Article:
Cancer has been found to be the second leading cause of death worldwide; about 1 in 6 deaths is due to cancer. Diagnosis and medical treatment for cancer is a cause of great physical and emotional pain and add stress to cancer patients’ lives. Spirituality and religious beliefs have been found, especially important for patients who suffer from severe illness and/or are facing life-threatening health problems.

Most adults agree in the existence of God and believe in Him and also agree that one’s religious beliefs affect the way one lives their lives. However, people have different ideas about life after death, belief in miracles, and other religious beliefs. Such beliefs may be based on one’s education, gender and ethnicity.

Spirituality is a person’s sense of purpose, peace and connection to others as well as their beliefs about the meaning of life. Finding meaning in life is a deeply personal process – and having cancer can affect the process of understanding the spiritual meaning of life .. what you think has sense in life and how you go about finding it. This is the reason as to why cancer may affect your thoughts on spirituality or how you go about practising and showing your spirituality.


The terms spirituality and religion are often used interchangeably, but for many people they have different meanings. Religion may be defined as a specific set of principles, beliefs and practices, usually within an organized group. Spirituality may be defined as an individual’s sense of peace, purpose, and connection to others, and beliefs about the meaning of life. Spirituality may be found and expressed through an organized religion or in other ways. Patients may consider themselves as spiritual or religious or both.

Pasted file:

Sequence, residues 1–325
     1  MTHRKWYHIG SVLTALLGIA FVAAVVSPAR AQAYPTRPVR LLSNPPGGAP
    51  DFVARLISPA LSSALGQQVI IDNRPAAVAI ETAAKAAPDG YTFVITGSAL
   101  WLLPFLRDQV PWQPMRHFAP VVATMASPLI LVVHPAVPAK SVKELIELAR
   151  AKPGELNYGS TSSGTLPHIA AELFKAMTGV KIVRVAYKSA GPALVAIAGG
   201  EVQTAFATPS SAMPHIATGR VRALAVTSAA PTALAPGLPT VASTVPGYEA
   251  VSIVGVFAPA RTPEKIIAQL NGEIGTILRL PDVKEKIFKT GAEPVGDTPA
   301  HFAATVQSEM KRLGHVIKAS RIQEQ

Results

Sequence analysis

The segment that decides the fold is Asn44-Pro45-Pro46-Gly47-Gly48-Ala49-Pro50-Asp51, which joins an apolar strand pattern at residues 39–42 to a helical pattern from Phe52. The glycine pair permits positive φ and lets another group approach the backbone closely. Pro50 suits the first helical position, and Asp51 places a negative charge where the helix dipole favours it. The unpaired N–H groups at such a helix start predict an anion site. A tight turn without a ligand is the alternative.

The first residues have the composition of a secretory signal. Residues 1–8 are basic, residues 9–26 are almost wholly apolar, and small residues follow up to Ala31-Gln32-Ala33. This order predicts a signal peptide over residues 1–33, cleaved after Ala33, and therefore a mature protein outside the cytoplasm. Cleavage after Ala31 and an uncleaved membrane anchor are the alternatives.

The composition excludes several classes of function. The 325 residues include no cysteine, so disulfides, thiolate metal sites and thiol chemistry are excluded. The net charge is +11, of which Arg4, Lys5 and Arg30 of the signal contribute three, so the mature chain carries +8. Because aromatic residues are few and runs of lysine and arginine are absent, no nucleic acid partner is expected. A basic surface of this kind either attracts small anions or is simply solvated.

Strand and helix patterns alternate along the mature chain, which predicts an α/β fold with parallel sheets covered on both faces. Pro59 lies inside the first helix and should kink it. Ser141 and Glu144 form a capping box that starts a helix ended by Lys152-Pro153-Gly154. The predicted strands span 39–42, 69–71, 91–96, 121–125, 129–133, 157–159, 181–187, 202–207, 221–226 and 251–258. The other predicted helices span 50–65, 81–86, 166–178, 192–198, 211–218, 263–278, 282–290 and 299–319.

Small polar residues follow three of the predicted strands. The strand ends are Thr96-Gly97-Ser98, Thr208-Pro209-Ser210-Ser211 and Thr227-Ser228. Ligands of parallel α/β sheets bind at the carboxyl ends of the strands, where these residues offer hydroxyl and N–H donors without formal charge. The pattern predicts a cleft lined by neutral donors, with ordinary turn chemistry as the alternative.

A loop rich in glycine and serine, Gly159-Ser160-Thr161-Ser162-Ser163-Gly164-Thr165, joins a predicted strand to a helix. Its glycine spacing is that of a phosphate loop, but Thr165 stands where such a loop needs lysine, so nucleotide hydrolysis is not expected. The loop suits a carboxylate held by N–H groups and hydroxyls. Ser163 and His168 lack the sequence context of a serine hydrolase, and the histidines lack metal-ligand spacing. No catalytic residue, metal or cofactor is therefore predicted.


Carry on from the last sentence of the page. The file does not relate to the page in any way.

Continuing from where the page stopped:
Spirituality is expressed by some through the means of an organized religion, which acts as a source of comfort and strength. Organized religion, which is usually on specific beliefs and practices, often provides a community of people who meet regularly, share similar experiences and provide support. The framework of beliefs that organized religion provides may help one address the questions that cancer brings to one’s life.

For others, spirituality is something separate from organized religion. They may find such spirituality either in nature, the goodness of other people around them or in the connections between everyone around them, be it living or non-living, animate or inanimate. They may meditate or practise rituals from different cultures or may find spiritual value in activities such as art, yoga, journaling, music or spending time in nature or with their loved ones.

One may find that cancer brings a new or deeper meaning to one’s spiritual beliefs and activities The sense of comfort may come from different sources. Praying, meditating, reading spiritual books or connecting with others in one’s spiritual support community brings within oneself, the feeling of positivity and also meets the spiritual requirement.

Cancer can also make one challenge beliefs that one has had for a long time. Sometimes, people living with cancer feel that their faith has let them down. One may struggle to understand why one has cancer or question one’s relationship with one’s God. If one’s faith has been very strong in the past, he or she may find this very upsetting.

Research has shown that people with a particular faith or spiritual belief often have hope, a sense of peace and a better quality of life.


Serious illnesses like cancer may cause patients or family caregivers to have doubts about their beliefs or religious values and cause much spiritual distress. Some studies show that patients with cancer may feel that they are being reprimanded by God for the acts that they may have done in the past or may experience a loss in faith after being diagnosed. Other patients may have mild feelings of spiritual distress when coping with cancer.